Yeah, so my website is essentialyogatherapy.com. And from there, you can reach out to me directly. I'm on Instagram, essential yoga therapy and restoring prana and Facebook, I have both, essentially yoga therapy and restoring prana. And I think I have a Twitter account, but I've never ever used it. I have a I have a young person who's amazing. And she does on my social media because honestly, I hardly know how to post anything. But but she knows, I mean, what she posts is really representative of me and, and a lot of my work on my, on my website, there's a digital store, there's a lot of practices that you can download a lot of practices on breathing a lot of practices with physical practice, when the pandemic first happened, I did this 40 days, called 40 days of blessings, I just put it out there that I was going to teach every day for 40 days straight from seven to 8am in the morning, and that we would chant the prayer for health and and with this meditation of, you know, like kind of blessing the world. And in between, we would do whatever I was inspired to do that day. So some of it is like really strong physical work and sometimes it's breath work and more meditative, but 40 days straight. So anyways, that started that launched this whole thing where I started doing these series and these morning practices and they're all recorded and so you can scroll through those and there's there's a lot of ways to, you know, to to work with this style of practice. Then I'm I'm sharing. And yeah, I'd love to hear from any of you that are listening.

Tony Winyard 1:00:06

And just to finish Robin do you have a quote that you particularly like?

Robin Rothenberg 1:00:15

Again, many, many, many quotes that I like. One of the quotes that I use a lot when it comes to breathing, and that I use a lot in the world of yoga comes from Leon Chai Tao, who is one of, you know, he recently passed, but really he was, he was a major mentor for me, his book, The multidisciplinary approaches to breathing pattern disorders was, you know, like a godsend in terms of research for my my book. And he said, "Breathing is primarily a chemical matter". And I would not have had a clue as to what that meant before I met Patrick and started working with the Buteyko breathing. And now I really understand that breathing is primarily a chemical matter. And our chemistry matters a lot. And we can control our chemistry tremendously by controlling our breath.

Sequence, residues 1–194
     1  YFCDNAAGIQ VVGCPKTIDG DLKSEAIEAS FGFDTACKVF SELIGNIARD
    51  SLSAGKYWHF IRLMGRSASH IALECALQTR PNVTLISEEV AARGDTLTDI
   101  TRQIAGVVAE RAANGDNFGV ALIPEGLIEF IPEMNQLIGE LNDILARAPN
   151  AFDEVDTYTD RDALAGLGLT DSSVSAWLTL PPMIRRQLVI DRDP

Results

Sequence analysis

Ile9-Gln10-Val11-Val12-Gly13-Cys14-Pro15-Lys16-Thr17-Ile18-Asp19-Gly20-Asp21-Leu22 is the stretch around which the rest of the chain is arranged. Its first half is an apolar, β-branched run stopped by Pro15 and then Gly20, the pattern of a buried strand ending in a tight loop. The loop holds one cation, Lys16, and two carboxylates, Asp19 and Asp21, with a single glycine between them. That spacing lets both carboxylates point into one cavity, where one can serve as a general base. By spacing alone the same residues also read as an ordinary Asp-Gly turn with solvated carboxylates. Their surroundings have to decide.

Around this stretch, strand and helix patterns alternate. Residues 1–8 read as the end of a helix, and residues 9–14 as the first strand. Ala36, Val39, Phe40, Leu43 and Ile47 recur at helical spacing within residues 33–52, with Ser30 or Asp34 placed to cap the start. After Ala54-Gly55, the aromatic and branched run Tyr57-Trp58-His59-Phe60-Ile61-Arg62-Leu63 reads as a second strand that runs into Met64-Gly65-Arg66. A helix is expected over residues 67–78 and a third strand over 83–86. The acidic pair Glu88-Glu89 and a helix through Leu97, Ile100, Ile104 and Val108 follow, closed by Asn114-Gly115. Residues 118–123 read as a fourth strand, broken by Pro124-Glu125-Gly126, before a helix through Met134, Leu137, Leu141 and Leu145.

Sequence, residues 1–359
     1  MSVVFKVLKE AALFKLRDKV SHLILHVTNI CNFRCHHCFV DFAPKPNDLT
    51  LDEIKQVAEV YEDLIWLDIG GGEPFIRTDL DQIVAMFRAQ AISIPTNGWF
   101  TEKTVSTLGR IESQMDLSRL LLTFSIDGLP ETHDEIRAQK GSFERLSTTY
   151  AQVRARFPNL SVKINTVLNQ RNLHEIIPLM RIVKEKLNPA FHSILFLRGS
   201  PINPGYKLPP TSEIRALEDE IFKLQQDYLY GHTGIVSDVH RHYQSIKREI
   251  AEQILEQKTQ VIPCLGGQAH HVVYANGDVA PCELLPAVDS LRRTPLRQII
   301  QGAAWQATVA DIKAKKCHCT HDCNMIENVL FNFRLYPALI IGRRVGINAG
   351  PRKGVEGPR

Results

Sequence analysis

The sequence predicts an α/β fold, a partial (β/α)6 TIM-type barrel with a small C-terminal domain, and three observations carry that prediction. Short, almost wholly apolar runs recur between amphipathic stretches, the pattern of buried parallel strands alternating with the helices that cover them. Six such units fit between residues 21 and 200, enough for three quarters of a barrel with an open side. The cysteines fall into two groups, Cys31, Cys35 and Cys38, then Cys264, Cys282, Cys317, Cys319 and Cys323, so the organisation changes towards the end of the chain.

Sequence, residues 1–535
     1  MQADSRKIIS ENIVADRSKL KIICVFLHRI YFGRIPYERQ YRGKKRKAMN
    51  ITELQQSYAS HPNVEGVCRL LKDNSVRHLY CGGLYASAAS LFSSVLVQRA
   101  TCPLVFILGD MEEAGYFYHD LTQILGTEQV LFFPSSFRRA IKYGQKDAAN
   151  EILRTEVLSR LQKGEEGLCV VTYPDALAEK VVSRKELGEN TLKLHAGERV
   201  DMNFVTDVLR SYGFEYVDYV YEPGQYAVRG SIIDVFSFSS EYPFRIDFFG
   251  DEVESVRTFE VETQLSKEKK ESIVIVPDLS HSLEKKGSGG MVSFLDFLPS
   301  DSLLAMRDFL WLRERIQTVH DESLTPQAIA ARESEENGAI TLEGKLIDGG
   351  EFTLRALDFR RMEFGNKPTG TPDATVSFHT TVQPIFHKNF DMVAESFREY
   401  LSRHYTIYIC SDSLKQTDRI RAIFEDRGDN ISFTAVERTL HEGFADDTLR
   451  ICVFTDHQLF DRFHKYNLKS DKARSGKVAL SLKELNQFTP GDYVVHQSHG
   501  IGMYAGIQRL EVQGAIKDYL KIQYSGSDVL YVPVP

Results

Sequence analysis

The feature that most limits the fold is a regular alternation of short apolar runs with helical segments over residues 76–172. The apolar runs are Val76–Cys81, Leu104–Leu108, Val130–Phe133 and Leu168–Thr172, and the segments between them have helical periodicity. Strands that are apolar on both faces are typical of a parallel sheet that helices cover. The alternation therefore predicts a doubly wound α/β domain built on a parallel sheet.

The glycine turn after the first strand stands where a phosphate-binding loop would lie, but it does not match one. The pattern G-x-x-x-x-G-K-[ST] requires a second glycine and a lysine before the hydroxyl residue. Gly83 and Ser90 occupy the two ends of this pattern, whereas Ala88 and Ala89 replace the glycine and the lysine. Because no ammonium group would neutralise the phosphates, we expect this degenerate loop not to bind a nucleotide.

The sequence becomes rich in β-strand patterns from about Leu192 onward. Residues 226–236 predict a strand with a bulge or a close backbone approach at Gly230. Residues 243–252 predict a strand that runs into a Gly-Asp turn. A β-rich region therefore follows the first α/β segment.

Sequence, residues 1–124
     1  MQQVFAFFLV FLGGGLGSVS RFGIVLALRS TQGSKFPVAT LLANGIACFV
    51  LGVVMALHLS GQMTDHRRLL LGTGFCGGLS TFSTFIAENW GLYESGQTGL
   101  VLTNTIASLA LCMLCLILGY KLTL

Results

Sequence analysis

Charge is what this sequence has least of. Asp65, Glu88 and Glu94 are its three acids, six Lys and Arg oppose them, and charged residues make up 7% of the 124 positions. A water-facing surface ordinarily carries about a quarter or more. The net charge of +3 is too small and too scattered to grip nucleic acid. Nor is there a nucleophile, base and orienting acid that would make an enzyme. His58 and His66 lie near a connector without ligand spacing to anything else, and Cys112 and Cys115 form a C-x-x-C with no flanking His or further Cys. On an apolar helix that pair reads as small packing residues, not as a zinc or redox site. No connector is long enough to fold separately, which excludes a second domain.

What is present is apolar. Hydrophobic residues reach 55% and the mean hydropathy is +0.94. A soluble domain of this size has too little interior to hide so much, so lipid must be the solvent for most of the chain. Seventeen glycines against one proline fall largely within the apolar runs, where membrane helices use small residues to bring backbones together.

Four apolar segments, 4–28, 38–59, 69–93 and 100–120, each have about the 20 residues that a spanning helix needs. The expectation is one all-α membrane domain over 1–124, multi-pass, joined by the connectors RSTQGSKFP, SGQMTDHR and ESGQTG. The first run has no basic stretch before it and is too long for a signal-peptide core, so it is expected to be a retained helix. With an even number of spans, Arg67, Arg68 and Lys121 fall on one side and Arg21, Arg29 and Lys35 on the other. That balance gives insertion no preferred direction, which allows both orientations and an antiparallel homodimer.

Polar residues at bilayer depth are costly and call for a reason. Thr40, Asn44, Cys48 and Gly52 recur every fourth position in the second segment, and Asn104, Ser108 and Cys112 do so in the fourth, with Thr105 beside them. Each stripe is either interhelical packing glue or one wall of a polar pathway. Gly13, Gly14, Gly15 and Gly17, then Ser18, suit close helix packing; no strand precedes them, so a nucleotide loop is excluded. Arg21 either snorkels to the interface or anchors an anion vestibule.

Tony Winyard 1:01:16

That's a great place to leave it. So Robin I really appreciate the time you've given me the information and knowledge you've shared with our listeners. So thank you very much,

Robin Rothenberg 1:01:25

Tony. Well, thanks for giving me the opportunity. So awesome. And I love I love what you're doing anything that helps people to transform habits become more aware of their habits. I just think it's the key to everything.

Tony Winyard 1:01:43

Next week, episode 57 with Teresa Bitner. She partners with those who have been knocked down by life and want to bounce back to live a bold life. She's a coach, speaker and author specialising in resiliency change and loss. So that's next week, episode 57 with Teresa Bitner. If you know anyone who is really into yoga, especially any yoga instructors, please do share this week's episode with them from Robin, I'm sure that many yoga instructors will get a lot out of some of the information that Robin shared with us. These days, many people have associate yoga with just stretching when yoga is much more than just stretching. So please do share the episode with anyone who could really benefit from it. I hope you have a great week. See you next week.

Jingle 1:02:38

Thanks for tuning in to the habits and health podcast where we believe creating healthy habits should be easy. If you enjoyed this episode, please subscribe and leave us a review on your favourite podcast app. Sign up for email updates and learn about coaching and workshop opportunities at TonyWinyard.com See you next time on the habits and health podcast.

Transcribed by https://otter.ai